|Matthew Henry's Concise Commentary|
119:73-80 God made us to serve him, and enjoy him; but by sin we have made ourselves unfit to serve him, and to enjoy him. We ought, therefore, continually to beseech him, by his Holy Spirit, to give us understanding. The comforts some have in God, should be matter of joy to others. But it is easy to own, that God's judgments are right, until it comes to be our own case. All supports under affliction must come from mercy and compassion. The mercies of God are tender mercies; the mercies of a father, the compassion of a mother to her son. They come to us when we are not able to go to them. Causeless reproach does not hurt, and should not move us. The psalmist could go on in the way of his duty, and find comfort in it. He valued the good will of saints, and was desirous to keep up his communion with them. Soundness of heart signifies sincerity in dependence on God, and devotedness to him.
Verse 77. - Let thy tender mercies come unto me, that I may live. The psalmist's afflictions have brought him near to the gates of death. God must visit him with his "tender mercies" for him once more to "live." For thy Law is my delight. His renewed life will be an exercising of himself in God's Law, since that Law is his "delight" (comp. vers. 16, 24, 47, 111, 174).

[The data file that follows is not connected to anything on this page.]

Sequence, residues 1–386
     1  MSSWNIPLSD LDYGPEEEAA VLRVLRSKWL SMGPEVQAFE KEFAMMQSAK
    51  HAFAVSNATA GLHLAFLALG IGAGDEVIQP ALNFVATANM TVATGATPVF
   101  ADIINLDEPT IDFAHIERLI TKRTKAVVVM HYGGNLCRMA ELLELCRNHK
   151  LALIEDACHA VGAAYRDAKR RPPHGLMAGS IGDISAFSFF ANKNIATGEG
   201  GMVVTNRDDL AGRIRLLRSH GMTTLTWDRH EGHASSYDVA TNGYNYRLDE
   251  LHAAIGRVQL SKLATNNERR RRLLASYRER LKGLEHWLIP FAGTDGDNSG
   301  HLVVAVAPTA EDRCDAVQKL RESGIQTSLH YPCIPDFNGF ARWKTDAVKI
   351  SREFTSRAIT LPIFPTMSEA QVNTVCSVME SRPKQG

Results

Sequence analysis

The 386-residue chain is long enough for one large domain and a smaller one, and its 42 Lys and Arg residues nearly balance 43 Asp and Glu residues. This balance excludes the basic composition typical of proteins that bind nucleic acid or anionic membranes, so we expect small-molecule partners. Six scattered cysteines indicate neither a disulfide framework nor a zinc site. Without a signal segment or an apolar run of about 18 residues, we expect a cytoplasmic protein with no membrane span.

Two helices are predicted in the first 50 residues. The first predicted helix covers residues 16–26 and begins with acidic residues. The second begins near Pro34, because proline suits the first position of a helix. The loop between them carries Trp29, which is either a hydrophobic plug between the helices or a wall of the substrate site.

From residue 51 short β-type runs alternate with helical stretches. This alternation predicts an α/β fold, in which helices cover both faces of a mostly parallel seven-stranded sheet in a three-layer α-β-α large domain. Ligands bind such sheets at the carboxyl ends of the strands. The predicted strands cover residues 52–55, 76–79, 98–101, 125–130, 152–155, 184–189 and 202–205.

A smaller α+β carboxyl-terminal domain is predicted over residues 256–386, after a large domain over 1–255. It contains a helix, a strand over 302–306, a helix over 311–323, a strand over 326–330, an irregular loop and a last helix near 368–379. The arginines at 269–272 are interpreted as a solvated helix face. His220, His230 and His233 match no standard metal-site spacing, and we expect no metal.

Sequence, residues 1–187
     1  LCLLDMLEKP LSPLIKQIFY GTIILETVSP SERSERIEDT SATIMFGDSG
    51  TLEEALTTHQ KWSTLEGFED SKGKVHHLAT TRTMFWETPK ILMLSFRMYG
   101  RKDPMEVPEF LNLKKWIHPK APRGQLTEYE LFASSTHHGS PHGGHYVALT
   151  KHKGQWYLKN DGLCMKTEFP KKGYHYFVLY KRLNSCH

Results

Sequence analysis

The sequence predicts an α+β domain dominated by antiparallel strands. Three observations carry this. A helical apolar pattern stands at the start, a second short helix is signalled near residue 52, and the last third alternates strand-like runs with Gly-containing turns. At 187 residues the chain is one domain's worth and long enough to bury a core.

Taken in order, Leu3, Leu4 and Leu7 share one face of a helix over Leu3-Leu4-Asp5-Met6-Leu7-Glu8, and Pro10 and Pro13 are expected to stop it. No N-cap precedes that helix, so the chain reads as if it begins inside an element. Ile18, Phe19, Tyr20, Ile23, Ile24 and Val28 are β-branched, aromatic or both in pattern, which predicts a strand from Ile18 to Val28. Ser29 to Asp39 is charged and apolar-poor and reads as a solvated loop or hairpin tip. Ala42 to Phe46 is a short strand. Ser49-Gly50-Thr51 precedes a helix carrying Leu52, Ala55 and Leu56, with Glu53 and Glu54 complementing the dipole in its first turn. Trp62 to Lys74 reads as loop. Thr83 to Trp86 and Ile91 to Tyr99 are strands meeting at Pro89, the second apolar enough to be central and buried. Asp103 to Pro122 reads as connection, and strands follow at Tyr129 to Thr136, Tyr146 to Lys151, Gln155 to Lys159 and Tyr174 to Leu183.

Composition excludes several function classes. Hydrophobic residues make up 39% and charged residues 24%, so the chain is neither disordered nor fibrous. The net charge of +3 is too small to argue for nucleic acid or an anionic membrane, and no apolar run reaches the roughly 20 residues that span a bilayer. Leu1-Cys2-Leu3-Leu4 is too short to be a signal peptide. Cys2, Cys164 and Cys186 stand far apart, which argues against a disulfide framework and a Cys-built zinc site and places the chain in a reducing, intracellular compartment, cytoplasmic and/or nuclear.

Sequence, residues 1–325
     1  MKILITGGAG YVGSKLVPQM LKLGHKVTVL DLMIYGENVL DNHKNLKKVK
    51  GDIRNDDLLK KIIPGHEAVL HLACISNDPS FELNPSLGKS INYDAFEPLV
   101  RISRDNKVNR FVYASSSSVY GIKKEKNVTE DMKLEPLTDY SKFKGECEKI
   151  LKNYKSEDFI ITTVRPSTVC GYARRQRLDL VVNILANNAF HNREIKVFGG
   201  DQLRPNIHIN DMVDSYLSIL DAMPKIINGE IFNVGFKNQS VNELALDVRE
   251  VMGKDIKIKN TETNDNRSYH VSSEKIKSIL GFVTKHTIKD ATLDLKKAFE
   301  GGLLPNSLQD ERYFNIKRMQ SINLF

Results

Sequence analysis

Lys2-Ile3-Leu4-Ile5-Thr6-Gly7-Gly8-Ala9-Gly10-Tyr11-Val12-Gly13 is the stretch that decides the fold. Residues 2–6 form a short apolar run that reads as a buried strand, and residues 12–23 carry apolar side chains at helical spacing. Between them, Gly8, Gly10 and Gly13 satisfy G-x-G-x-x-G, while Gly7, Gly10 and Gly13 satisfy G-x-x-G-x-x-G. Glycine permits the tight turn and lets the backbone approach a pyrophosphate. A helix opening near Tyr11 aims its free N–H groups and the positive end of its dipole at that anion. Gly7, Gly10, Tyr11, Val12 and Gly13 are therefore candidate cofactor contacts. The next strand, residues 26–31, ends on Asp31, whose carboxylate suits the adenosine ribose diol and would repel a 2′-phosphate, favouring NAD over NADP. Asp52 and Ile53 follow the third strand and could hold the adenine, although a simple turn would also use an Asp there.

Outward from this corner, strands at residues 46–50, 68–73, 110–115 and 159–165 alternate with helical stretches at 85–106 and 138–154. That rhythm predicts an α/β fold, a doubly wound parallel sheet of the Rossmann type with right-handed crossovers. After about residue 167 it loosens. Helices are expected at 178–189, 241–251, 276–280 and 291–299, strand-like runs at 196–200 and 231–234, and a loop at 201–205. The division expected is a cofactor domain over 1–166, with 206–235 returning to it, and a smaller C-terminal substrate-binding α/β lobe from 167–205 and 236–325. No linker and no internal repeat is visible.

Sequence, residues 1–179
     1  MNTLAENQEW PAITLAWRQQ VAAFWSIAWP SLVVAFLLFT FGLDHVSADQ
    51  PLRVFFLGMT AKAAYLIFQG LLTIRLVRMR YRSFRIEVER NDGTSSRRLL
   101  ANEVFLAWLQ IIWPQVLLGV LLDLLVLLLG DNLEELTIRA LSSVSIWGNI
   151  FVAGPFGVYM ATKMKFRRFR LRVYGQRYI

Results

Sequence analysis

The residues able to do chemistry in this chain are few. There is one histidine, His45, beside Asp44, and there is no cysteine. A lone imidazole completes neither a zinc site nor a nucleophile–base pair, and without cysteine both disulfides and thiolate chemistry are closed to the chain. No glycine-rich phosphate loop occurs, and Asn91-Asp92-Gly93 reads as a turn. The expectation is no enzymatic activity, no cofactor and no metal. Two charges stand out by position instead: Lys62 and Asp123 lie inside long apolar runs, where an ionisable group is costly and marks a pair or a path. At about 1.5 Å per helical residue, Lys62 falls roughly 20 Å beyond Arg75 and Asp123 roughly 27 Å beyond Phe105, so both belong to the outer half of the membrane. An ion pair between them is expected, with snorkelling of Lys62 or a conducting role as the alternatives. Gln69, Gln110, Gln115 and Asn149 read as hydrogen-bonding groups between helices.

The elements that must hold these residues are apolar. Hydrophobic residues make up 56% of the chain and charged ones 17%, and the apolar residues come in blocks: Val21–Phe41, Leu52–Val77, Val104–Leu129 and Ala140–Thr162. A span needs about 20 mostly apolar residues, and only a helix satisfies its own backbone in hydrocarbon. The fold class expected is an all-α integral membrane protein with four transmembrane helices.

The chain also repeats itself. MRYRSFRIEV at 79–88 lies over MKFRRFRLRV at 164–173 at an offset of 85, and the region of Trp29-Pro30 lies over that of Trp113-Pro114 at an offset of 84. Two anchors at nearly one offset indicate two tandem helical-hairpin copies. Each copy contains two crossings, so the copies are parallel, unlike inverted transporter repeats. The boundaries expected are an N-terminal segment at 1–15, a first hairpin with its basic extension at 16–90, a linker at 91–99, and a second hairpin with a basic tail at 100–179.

Gill's Exposition of the Entire Bible
Let thy tender mercies come unto me,.... See Gill on Psalm 119:41;
that I may live; not merely corporeally; though corporeal life is a grant and favour, and the continuance of it; it is owing to the tender mercies of God that men are not consumed: but spiritually; the first principle of spiritual life is from the rich mercy and great love of God; his time of love is a time of life. Here it seems to design the lively exercise of grace, which is influenced, animated, and quickened by the love of God, as faith, hope, and love; or a living comfortably: without the love of God, and a view of it, saints look upon themselves as dead men, forgotten as they are, free among the dead, that are remembered no more; but in the favour of God is life; let but that be shown, let the tender mercies of God come in full flow into the soul, and it will be revived, and live comfortably; and such also shall live eternally, as the fruit and effect of the same love and favour;
for thy law is my delight; or "delights" (u); what he exceedingly delighted in, after the inward man, and yet could not live by it, without the mercy, love, and grace of God; see Psalm 119:24.
(u) "deliciae meae", Montanus, Tigurine versions Cocceius; "oblectationes meae", Gejerus; so Michaelis.
Jamieson-Fausset-Brown Bible Commentary
77. Let thy tender mercies come unto me—As I am not able to come unto them. But the wicked will be confounded.
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